Apex court rejects claim for shop rent

ABU DHABI — Upholding the lower court’s verdict, the Federal Supreme Court has dismissed a lawsuit filed by the Abu Dhabi Department for Social Services and Commercial Buildings demanding that a tenant pay the rent for a shop he handed over to its caretaker two years ago without getting a clearance certificate from the department.

By Adel Arafah

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Published: Mon 12 Feb 2007, 9:12 AM

Last updated: Sun 5 Apr 2015, 2:29 AM

The apex court said the certificate is not a mandatory document to prove that the tenant had vacated the premises unless the tenancy contract had set it as a condition. In this case, that the tenant had vacated the premises could be proved by the fact that he had handed in the key, it added.

Court records show the department filed a lawsuit with the Abu Dhabi Sharia Court of First Instance demanding that the tenant (who ran a restaurant) pay the rent due since February 2004. The department also requested the court to revoke the tenancy contract.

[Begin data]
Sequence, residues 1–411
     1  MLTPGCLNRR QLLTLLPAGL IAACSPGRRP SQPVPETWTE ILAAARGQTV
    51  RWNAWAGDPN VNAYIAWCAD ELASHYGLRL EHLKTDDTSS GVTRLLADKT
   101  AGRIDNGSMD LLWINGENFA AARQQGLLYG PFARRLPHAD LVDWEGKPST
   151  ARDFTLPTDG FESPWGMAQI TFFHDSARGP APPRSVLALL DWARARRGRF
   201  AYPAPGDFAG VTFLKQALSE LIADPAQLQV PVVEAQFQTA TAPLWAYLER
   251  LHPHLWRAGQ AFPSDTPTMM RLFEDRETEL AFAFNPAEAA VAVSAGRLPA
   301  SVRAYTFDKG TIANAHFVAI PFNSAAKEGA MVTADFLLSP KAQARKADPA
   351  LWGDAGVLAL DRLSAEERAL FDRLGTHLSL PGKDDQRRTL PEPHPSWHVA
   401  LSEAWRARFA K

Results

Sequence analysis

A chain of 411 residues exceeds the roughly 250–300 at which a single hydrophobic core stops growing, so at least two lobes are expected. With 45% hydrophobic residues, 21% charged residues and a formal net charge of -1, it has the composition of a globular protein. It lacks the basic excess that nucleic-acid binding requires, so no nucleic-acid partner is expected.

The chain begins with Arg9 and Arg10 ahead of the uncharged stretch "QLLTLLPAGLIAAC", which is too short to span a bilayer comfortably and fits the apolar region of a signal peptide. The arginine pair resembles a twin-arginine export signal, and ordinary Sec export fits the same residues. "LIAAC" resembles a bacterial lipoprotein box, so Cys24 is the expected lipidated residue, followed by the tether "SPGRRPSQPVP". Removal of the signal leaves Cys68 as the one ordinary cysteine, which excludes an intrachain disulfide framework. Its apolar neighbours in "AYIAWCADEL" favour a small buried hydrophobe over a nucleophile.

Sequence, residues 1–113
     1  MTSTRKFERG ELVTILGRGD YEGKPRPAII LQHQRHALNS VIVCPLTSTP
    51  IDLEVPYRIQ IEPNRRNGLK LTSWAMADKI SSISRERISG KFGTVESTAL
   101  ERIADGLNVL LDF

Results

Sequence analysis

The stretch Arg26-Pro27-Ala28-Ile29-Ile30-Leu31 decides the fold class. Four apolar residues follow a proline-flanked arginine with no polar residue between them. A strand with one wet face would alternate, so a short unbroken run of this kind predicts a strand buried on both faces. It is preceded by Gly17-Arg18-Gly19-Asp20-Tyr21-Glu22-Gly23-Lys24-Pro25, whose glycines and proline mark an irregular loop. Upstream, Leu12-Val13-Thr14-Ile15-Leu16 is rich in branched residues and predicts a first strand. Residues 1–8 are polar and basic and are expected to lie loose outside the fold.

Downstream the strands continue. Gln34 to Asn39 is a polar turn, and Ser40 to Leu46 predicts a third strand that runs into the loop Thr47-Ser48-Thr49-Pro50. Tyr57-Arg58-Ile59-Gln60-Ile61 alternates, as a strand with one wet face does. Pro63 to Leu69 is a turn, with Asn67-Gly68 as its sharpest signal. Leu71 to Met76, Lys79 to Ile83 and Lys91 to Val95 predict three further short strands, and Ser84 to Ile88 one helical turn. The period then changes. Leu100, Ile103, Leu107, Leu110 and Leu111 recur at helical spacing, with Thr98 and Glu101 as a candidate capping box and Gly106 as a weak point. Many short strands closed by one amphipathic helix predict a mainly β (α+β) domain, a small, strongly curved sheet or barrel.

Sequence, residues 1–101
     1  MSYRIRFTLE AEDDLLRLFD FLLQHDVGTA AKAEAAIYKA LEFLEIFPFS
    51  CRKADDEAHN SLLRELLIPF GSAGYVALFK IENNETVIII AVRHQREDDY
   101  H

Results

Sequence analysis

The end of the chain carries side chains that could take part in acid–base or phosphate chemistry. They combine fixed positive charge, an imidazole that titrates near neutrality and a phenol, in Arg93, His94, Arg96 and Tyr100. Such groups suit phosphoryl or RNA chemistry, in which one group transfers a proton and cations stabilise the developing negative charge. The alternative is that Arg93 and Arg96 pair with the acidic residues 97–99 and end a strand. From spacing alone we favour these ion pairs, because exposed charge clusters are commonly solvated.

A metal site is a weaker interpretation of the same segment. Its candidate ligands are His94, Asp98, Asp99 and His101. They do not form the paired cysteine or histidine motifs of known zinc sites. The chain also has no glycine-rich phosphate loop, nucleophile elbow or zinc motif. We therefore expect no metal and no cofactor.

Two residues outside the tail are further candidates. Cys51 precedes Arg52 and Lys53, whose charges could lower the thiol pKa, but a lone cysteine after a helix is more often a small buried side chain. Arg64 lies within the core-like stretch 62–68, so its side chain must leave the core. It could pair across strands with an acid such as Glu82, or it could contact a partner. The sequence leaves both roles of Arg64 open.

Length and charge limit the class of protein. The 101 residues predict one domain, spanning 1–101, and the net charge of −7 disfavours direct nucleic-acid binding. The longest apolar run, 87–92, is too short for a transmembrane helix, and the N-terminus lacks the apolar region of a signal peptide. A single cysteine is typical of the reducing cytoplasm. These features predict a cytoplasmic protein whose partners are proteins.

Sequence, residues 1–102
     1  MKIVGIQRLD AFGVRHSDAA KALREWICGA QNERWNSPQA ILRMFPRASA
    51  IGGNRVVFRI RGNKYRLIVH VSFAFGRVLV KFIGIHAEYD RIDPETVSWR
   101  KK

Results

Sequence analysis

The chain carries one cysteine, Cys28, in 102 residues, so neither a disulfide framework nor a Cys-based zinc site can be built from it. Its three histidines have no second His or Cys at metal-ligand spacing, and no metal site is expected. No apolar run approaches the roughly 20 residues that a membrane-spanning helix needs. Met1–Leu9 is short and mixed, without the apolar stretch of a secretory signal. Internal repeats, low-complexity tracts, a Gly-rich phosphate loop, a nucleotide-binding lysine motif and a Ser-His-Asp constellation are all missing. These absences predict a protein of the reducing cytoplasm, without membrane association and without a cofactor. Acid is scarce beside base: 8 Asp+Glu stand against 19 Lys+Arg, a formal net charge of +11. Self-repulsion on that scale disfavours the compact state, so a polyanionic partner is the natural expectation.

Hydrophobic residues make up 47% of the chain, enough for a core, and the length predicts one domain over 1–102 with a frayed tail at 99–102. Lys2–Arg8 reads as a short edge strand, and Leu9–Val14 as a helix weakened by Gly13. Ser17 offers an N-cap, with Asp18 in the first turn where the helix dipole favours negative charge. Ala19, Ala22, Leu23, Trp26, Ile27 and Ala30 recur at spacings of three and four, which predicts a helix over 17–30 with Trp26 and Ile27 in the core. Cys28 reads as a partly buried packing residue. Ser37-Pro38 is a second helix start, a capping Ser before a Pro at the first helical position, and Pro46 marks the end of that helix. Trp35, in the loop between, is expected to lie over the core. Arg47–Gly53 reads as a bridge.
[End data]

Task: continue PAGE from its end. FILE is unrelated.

The court ruled in the department’s favour. The tenant challenged the verdict at the Abu Dhabi Sharia Court of Appeal, claiming that he handed over the keys to the caretaker and forwarded a certificate of clearance from the water and electricity company, which means he vacated the unit on April 28, 2004.

The appellate court amended the verdict and ordered the tenant pay Dh4,482 as the remaining amount of the agreed rent value.

The department moved the Federal Supreme Court, arguing that the tenant didn’t abide by the mandatory procedures for vacating the unit. It also contended that the tenant didn’t approach the department to obtain a clearance certificate with regard to maintenance and handing in the key should not exempt him from paying the rent since February 2004 up to the point the verdict was issued.

The apex court considered that the department’s plea was irrelevant and counter-productive as it didn’t deny receiving the key from the caretaker. It added that the tenancy contract didn’t stipulate that the key be delivered to the collection section at the department.

Accordingly, the apex court turned down the department’s petition and upheld the verdict issued by the lower court.

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